WEY TO BE SAFE: WATER SAFETY
Weybridge Rowing Club is committed to keeping members safe on the water and when engaged in rowing or training activities by following British Rowing's RowSafe code. We endeavour to meet this commitment by having a clearly communicated policy that is understood by members, coaches and leaders in the Club. To facilitate this all members will be assessed for competence in rowing safety knowledge and will not use club equipment unsupervised until they have been satisfactorily assessed.
Hi-vis tops must be worn by all bow-steers / single scullers as the outermost layer of clothing at all times when afloat, during daylight hours - including when visiting other club's waters.
Life-jackets: All coxswains must wear a life-jacket and located in the boathouse, hanging from hooks on the wall of the leftmost bay as you enter. Special rower’s life-jackets are also available for use by those who are nervous about capsizing or when a coach determines it is necessary based on a risk assessment of the conditions and the experience of the crew.
Coaching launch: Anyone using a launch is to wear a life-jacket and carry a mobile phone. A launch safety kit must be carried in the boat whenever in use and includes a laminated list of emergency telephone numbers. The engine 'kill-cord' must be attached to the launch driver.
The Club Captain maintains a list of members qualified to drive the club’s launches. Read our RA guide for launch users
Throw-lines: The throw-lines are kept in the boathouse, hanging from hooks on the wall of the leftmost bay as you enter. Anyone coaching or providing safety cover from the bank should equip themselves with a throw line. There is an additional throw line in the Launch Safety Kit for use in the launch.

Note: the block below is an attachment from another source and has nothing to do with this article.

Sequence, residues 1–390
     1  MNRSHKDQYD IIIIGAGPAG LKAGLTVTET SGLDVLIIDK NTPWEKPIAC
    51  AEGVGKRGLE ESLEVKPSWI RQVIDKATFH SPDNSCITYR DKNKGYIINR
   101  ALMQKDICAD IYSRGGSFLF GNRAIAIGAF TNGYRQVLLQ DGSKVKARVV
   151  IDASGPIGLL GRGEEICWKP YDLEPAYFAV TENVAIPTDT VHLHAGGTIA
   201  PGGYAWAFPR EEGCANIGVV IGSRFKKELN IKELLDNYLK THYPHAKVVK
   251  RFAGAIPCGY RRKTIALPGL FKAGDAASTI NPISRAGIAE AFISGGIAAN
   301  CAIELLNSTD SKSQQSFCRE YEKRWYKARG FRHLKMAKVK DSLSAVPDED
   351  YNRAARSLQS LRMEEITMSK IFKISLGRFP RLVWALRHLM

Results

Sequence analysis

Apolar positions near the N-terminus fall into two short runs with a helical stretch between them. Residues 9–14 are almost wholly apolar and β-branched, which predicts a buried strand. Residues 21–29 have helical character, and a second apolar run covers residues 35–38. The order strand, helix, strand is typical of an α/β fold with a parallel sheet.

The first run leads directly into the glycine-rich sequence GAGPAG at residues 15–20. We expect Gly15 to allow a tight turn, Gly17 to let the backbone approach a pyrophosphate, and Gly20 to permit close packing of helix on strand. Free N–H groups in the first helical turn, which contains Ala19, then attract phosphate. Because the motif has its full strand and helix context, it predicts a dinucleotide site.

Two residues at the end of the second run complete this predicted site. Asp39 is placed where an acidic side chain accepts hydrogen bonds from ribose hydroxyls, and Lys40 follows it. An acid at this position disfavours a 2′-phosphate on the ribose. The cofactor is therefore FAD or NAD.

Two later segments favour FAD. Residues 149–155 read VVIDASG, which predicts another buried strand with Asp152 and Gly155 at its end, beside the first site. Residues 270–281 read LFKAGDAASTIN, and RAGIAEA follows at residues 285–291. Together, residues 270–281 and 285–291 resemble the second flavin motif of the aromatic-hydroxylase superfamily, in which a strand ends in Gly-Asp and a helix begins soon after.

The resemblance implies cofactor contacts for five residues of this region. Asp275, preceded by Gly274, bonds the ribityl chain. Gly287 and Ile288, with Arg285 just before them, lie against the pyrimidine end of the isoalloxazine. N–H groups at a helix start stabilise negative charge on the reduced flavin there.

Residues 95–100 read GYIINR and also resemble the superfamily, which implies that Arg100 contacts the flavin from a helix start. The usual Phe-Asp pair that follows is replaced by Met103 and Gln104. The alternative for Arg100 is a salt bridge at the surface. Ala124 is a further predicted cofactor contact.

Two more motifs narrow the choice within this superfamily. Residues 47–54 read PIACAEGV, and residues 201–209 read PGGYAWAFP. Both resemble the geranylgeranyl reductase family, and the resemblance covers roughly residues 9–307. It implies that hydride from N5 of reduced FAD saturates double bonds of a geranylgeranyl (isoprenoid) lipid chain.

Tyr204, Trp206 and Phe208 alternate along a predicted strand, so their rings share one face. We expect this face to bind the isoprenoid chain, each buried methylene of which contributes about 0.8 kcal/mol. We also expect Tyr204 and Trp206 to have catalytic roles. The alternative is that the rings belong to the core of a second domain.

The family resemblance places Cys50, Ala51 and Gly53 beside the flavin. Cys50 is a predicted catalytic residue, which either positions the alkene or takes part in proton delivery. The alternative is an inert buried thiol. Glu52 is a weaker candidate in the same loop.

TWILIGHT ROWING OR ROWING AFTER DARK
"Rowing or sculling after nightfall is dangerous and should not be encouraged. When it is necessary, a coach should accompany crews and scullers on the bank or in an accompanying launch. All craft must be properly illuminated."
display a white light front and rear on rowing vessels and an all-round white light on coaching launches.
as the bow-steer/single sculler, wear a pure white top (not hi-vis) as the outermost layer of clothing at all times when afloat.
allow inexperienced crews out at night
use red navigation lights.
If in any doubt about the wisdom of boating, don't.
RIVER STATE BOARDS
Restrictions on boating apply to everyone boating from the Club. Used to indicate the state of the river, there are coloured boards situated on the door of the ladies changing room.
The timeliness in changing these boards is good. Still, all Risk Assessors (RAs) - those who hold a 'CoW' - are expected to make a Risk Assessment (RA) for their crew(s).
Mouse-hover (or click through) each image (above) that depicts the different river state boards and gives details of the key indicators used to determine the board displayed at the Club.
Also posted around the Club are our Risk Assessment Guidelines for Boating, explaining the four statuses and how they determine who can row.
When making a risk assessment, these various tools prove useful when considering stream, river level, wind speeds and direction, but also visibility and the weir-pool at Shepperton Lock.